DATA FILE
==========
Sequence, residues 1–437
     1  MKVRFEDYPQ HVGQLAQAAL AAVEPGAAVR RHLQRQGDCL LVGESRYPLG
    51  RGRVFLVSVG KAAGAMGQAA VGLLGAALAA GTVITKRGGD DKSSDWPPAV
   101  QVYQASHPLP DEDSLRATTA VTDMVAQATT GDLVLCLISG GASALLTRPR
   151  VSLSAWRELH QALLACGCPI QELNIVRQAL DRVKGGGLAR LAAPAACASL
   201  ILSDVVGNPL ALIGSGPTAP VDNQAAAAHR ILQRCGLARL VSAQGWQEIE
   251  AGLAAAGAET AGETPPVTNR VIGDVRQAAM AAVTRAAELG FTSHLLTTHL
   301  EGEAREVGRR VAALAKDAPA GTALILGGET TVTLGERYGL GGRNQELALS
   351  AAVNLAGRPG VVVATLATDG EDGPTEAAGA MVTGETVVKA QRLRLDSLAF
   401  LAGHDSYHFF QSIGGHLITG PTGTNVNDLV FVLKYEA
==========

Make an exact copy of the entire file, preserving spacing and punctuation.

Sequence, residues 1–437
     1  MKVRFEDYPQ HVGQLAQAAL AAVEPGAAVR RHLQRQGDCL LVGESRYPLG
    51  RGRVFLVSVG KAAGAMGQAA VGLLGAALAA GTVITKRGGD DKSSDWPPAV
   101  QVYQASHPLP DEDSLRATTA VTDMVAQATT GDLVLCLISG GASALLTRPR
   151  VSLSAWRELH QALLACGCPI QELNIVRQAL DRVKGGGLAR LAAPAACASL
   201  ILSDVVGNPL ALIGSGPTAP VDNQAAAAHR ILQRCGLARL VSAQGWQEIE
   251  AGLAAAGAET AGETPPVTNR VIGDVRQAAM AAVTRAAELG FTSHLLTTHL
   301  EGEAREVGRR VAALAKDAPA GTALILGGET TVTLGERYGL GGRNQELALS
   351  AAVNLAGRPG VVVATLATDG EDGPTEAAGA MVTGETVVKA QRLRLDSLAF
   401  LAGHDSYHFF QSIGGHLITG PTGTNVNDLV FVLKYEA